Following President Trump’s announcement that he was reducing the size of the Bears Ears and Grand Staircase-Escalante National Monuments, there have been questions as to the extent of the executive branch’s power to manage federal lands. The announcement has put the Antiquities Act, which grants the president the authority to protect federal lands, under a microscope. Recently, two cases concerning the U.S.

Rethinking Reforestation: Degradation as a Carbon Source in Tropical Forests

The Brazilian Amazon (Wikimedia Commons)
By Lovinia Reynolds , Research Associate
Monday, December 18, 2017

Tropical forest ecosystems are globally recognized for their carbon sequestration capacities. Past research has estimated that tropical forests on average sequester a net 1400 teragrams of carbon per year, the equivalent of taking approximately 1 billion passenger vehicles off the road. International governing bodies, national governments, and nonprofit organizations have attempted to capitalize on the carbon sequestration services provided by tropical forests in an increasingly carbon rich atmosphere.  Programs such as REDD+ (Reducing Emissions from Deforestation and forest Degradation + enhancing forest carbon stocks) have resulted in significant expenditures of efforts and resources into developing frameworks for preserving tropical forests.

Something Old, Something New—Presidential Authority and the Antiquities Act

The Golden Cathedral, Grand Staircase Escalante National Monument (John Fowler)
By Caitlin McCarthy, Manager of Educational Programs
Thursday, December 14, 2017

The 1906 Antiquities Act grants presidents the authority to protect historic landmarks, historic and prehistoric structures, and other objects of historic or scientific interest. Yet, last April, more than a century after the passage of the Antiquities Act and more than 50 years since the last alteration of national monument boundaries, President Donald Trump issued an Executive Order instructing Secretary of the Interior Ryan Zinke to undertake a broad review of national monuments created since 1996 under the Antiquities Act and that span at least 100,000 acres. On December 4, 2017, acting on Secretary Zinke’s recommendations, President Trump issued two proclamations significantly reducing the acreage and perimeters of Grand Staircase-Escalante and Bears Ears National Monuments.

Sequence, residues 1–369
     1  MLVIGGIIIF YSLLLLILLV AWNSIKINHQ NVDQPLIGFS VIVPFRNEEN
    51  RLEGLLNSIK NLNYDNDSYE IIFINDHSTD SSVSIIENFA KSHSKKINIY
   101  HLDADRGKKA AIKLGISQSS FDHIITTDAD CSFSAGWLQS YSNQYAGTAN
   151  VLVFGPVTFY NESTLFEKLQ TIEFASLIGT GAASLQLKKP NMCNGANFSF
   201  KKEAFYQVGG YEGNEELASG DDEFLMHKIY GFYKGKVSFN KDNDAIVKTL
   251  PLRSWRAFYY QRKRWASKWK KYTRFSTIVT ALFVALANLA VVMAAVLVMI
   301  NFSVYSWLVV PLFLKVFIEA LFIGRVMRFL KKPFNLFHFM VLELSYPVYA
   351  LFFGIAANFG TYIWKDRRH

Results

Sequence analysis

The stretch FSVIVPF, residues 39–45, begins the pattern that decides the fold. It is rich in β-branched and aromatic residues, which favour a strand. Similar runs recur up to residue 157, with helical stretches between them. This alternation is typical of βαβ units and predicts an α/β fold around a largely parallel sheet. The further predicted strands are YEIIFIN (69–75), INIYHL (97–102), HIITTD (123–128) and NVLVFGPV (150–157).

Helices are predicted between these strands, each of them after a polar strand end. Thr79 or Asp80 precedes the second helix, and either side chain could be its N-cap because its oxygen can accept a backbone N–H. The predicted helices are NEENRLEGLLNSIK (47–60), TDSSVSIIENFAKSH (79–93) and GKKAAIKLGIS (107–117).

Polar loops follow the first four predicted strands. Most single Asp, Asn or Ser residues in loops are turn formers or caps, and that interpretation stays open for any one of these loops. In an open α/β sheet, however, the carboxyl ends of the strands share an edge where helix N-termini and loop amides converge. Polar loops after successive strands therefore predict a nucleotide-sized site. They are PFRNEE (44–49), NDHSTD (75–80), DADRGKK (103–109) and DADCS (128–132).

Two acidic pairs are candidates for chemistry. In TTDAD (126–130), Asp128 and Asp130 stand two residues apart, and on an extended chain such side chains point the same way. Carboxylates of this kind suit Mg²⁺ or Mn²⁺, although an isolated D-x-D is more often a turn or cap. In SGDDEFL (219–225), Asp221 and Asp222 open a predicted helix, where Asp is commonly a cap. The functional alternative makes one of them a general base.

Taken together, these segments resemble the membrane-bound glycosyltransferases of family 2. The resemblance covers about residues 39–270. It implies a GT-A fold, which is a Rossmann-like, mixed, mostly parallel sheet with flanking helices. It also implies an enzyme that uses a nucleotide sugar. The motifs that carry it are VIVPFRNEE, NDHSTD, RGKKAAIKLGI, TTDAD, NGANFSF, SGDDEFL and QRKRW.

Human Rights Day 2017: A Reflection on Human Rights and Environmental Rule of Law

Eleanor Roosevelt and the U.N. Declaration on Human Rights
By Nora Moraga-Lewy, Research Associate
Monday, December 11, 2017

December 10, 2018, will mark the 70th anniversary of the U.N. General Assembly’s adoption of the Universal Declaration of Human Rights in 1948. The Declaration outlines inalienable rights entitled to every human being, regardless of race, ethnicity, religion, sex, language, political or other affiliation, social or national origin, birth, or other status.

Carbon Capture and Sequestration: A Step Toward Deep Decarbonization?

Coal power plant emissions (Pixabay).
Wednesday, December 6, 2017

Last month, Trump Administration officials attended the latest round of U.N. climate negotiations in Bonn, Germany, but they weren’t there to discuss reducing emissions. Rather, they touted the promises of nuclear energy, natural gas, “clean coal,” and carbon capture. This is not surprising, given the President’s views on climate policy and his decision to withdraw the United States from the Paris Agreement. But even had Trump decided otherwise, the current Agreement does not do enough to reduce the risk of catastrophic climate change.